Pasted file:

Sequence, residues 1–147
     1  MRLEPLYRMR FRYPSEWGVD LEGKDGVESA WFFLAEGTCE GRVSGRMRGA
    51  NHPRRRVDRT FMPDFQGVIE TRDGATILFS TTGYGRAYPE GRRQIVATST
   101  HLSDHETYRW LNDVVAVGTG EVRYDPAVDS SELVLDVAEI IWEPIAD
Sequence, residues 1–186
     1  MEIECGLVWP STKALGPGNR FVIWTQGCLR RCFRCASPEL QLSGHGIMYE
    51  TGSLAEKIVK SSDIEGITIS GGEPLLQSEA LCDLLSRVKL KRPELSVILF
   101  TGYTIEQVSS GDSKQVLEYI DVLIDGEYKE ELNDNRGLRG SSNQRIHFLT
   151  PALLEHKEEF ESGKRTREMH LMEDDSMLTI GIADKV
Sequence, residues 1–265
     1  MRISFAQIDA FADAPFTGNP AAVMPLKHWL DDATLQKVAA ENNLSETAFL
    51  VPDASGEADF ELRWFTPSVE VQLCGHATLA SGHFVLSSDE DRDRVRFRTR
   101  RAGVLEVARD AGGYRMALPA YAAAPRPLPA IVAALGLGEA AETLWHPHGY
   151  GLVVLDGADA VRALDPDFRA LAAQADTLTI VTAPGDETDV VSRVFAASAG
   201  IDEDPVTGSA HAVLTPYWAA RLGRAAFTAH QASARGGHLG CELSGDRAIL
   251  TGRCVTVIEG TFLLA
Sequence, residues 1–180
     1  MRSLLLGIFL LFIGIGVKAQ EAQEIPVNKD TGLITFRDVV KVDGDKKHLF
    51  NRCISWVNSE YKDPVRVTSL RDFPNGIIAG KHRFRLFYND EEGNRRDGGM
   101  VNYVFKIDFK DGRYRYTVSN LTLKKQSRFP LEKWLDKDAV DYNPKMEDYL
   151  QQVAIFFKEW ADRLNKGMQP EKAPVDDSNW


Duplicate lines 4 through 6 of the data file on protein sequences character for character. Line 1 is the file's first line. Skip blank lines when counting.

   101  HLSDHETYRW LNDVVAVGTG EVRYDPAVDS SELVLDVAEI IWEPIAD
Sequence, residues 1–186
     1  MEIECGLVWP STKALGPGNR FVIWTQGCLR RCFRCASPEL QLSGHGIMYE